Last night’s Associated Students Senate meeting — which was once again held in Corwin Pavilion to accommodate the hundreds of students in attendance — centered around lengthy discussion of the university’s potential divestment from companies that allegedly support apartheid and violate human rights.
During the forum, students expressed their reasoning for supporting or opposing divestment — an issue that was first introduced at last week’s meeting, resulting in nine hours of heated debate. Academic Affairs Board External Co-Chair Adeel Lakhani said the senate’s responsibility is to actively and critically analyze all perspectives when considering whether or not to pass the resolution, entitled “A Resolution to Divest From Companies that Profit From Apartheid.”
“Active pursuit of understanding is different from being served arguments or ideology,” Lakhani said. “My main point was that consideration of this resolution should be limited to consideration of this resolution … this resolution does not address how to finally address all parties’ concerns but this resolution does make clear that all parties’ concerns should be respected.”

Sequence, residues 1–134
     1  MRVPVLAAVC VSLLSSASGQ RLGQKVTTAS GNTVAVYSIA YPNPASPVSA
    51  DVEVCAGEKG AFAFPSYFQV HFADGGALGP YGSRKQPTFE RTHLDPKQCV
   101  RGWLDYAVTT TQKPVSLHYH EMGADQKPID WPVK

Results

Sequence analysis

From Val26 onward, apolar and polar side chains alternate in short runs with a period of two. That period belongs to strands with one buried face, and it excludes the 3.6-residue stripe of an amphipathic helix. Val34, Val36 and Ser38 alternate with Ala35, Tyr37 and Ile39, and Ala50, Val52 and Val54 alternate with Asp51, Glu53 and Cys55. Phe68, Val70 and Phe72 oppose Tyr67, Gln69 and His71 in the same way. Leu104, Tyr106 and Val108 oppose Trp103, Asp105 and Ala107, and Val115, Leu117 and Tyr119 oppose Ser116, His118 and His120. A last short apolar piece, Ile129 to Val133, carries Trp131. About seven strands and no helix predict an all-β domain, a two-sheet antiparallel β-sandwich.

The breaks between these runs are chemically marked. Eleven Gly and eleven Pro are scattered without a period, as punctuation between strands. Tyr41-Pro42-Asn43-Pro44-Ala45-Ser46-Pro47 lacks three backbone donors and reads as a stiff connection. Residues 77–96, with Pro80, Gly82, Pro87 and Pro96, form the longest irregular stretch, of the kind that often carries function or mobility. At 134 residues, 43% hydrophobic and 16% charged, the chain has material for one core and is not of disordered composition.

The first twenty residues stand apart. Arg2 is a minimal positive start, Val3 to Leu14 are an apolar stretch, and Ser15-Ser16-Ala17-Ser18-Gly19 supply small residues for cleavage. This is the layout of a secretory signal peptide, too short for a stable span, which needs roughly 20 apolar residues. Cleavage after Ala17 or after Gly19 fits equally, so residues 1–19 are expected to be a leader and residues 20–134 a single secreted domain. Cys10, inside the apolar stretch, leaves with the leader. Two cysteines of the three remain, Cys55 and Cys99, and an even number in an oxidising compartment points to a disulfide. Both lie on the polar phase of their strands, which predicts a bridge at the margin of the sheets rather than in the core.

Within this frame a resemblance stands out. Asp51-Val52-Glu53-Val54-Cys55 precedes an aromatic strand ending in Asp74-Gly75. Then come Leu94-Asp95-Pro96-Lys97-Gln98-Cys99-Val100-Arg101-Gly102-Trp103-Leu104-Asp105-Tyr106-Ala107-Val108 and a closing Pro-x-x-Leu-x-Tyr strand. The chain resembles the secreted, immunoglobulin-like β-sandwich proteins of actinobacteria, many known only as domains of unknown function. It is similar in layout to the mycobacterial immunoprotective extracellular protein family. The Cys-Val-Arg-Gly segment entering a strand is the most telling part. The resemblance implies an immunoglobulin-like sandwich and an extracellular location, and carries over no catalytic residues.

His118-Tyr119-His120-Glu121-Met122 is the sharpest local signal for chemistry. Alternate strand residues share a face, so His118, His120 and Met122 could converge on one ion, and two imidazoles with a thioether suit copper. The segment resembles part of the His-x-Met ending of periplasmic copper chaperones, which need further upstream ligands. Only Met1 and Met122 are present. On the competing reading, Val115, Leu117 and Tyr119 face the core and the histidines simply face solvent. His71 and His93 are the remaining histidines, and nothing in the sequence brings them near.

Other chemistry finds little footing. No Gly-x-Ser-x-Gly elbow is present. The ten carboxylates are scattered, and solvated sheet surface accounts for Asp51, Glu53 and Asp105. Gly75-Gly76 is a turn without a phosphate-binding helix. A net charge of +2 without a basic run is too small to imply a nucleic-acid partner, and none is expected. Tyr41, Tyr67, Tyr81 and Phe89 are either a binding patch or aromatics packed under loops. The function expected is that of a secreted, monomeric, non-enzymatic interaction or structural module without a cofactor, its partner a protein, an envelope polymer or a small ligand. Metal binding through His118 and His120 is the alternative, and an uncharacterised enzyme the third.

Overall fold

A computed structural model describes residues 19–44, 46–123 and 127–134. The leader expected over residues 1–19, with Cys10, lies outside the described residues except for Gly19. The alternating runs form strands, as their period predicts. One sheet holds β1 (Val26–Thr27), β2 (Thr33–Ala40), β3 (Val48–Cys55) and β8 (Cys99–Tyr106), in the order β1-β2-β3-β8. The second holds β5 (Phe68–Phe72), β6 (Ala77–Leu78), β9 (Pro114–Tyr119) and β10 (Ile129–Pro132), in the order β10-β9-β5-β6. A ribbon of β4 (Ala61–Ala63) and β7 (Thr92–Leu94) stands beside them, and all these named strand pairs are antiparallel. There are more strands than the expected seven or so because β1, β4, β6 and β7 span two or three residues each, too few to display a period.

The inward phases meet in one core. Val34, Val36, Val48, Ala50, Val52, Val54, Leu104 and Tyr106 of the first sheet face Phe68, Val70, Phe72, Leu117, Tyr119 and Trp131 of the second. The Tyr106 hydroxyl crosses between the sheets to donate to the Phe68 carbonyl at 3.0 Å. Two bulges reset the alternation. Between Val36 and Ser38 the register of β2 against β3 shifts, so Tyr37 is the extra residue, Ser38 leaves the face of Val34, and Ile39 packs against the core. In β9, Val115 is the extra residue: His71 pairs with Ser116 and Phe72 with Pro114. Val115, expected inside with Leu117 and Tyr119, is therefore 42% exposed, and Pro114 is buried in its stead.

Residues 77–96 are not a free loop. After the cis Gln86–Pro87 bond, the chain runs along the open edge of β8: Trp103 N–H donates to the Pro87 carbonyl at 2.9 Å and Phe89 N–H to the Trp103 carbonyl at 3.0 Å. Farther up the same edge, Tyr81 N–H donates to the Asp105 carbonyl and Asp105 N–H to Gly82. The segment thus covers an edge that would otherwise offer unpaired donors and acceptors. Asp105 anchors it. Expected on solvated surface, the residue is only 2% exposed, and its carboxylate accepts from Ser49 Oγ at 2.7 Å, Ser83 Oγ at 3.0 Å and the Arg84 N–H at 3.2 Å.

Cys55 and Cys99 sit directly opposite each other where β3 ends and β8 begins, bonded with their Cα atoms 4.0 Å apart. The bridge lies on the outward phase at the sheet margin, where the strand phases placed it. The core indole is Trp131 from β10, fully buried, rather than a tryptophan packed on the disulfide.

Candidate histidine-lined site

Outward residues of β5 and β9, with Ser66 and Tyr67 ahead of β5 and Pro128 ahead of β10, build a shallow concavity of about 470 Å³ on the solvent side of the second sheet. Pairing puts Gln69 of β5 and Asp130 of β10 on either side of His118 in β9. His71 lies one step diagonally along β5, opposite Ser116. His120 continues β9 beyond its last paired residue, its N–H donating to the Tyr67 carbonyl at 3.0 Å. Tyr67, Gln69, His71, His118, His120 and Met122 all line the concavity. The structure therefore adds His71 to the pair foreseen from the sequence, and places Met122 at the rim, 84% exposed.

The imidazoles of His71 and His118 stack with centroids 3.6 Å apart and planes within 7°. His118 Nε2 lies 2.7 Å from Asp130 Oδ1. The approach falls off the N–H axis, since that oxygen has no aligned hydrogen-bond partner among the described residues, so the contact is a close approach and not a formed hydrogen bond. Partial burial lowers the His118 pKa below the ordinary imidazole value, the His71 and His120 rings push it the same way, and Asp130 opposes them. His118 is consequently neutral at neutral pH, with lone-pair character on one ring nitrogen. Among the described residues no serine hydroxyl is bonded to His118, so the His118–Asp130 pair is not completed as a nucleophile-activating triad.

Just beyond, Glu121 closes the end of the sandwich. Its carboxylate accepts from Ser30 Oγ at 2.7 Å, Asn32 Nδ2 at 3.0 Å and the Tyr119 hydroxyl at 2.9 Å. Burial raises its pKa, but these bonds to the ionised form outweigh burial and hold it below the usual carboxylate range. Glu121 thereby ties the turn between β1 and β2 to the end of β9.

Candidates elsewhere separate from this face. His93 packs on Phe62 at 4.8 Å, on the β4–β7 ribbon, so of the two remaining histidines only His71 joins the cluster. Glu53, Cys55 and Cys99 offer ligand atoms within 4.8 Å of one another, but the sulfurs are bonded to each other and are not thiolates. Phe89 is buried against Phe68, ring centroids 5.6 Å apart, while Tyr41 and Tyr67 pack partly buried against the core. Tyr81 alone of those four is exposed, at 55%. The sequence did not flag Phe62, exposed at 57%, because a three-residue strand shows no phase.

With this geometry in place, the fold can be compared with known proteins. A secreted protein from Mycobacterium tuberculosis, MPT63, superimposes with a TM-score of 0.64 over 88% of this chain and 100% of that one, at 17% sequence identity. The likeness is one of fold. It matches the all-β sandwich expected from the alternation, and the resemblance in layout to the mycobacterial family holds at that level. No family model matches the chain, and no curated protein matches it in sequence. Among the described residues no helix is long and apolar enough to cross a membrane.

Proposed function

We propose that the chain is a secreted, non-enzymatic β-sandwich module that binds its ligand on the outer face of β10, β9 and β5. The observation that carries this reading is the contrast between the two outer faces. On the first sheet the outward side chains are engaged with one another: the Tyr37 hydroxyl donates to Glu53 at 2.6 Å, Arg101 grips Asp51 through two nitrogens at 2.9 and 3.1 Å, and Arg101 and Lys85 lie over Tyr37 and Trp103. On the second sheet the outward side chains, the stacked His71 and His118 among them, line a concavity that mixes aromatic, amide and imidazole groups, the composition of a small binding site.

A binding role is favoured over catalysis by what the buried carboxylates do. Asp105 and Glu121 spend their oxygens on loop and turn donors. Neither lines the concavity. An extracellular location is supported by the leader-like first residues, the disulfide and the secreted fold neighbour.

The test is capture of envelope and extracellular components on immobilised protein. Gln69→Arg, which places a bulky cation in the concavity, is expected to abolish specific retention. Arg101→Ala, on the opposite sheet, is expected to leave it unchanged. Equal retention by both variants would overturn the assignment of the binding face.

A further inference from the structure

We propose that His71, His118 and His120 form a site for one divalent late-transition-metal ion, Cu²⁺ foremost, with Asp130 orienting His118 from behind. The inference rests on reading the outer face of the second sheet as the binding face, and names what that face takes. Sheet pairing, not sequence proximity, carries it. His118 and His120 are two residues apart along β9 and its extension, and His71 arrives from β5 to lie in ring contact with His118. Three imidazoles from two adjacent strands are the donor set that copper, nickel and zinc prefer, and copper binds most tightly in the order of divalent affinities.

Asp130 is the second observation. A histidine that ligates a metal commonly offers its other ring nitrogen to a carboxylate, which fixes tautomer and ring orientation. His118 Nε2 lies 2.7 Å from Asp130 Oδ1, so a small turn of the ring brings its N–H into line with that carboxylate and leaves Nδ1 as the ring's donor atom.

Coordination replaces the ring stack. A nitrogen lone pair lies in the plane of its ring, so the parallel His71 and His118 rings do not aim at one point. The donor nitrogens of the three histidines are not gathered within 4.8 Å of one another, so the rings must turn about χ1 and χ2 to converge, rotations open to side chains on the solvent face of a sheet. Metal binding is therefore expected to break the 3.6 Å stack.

Student Rosina Saeed, a supporter of divestment, said discrimination plays a large role in human rights violations occurring in Palestine.
“I would like to address apartheid,” Saeed said. “My definition of apartheid is racial segregation, simple as that.”
In contrast, Jewish Voice for Peace member Rand Clark said support for divestment and anti-Semitism are mutually exclusive sentiments.
“A vote in favor of divestment says nothing about one’s attitude toward Jews,” Clark said. “A little bit of discomfort is a small price to pay on the path to justice.”
Rabbi Evan Goodman said the resolution has prompted strong reactions from students who feel personally attacked by the university’s potential divestment.
“One student I spoke to today, I spent a good hour trying to talk him out of withdrawing from the university,” Goodman said.
According to Meggie Le, A.S. President at UCSD, the resolution has been particularly controversial due to the complex and challenging nature of the conflict.
“Political issues will always be divisive in their nature, but this one is unique in that it is also alienating,” Le said.
Due to printing constraints, the full story could not be included in today’s issue. For more details, see tomorrow’s online issue at



A version of this article appeared on page 1 of the April 11th, 2013’s print edition of the Nexus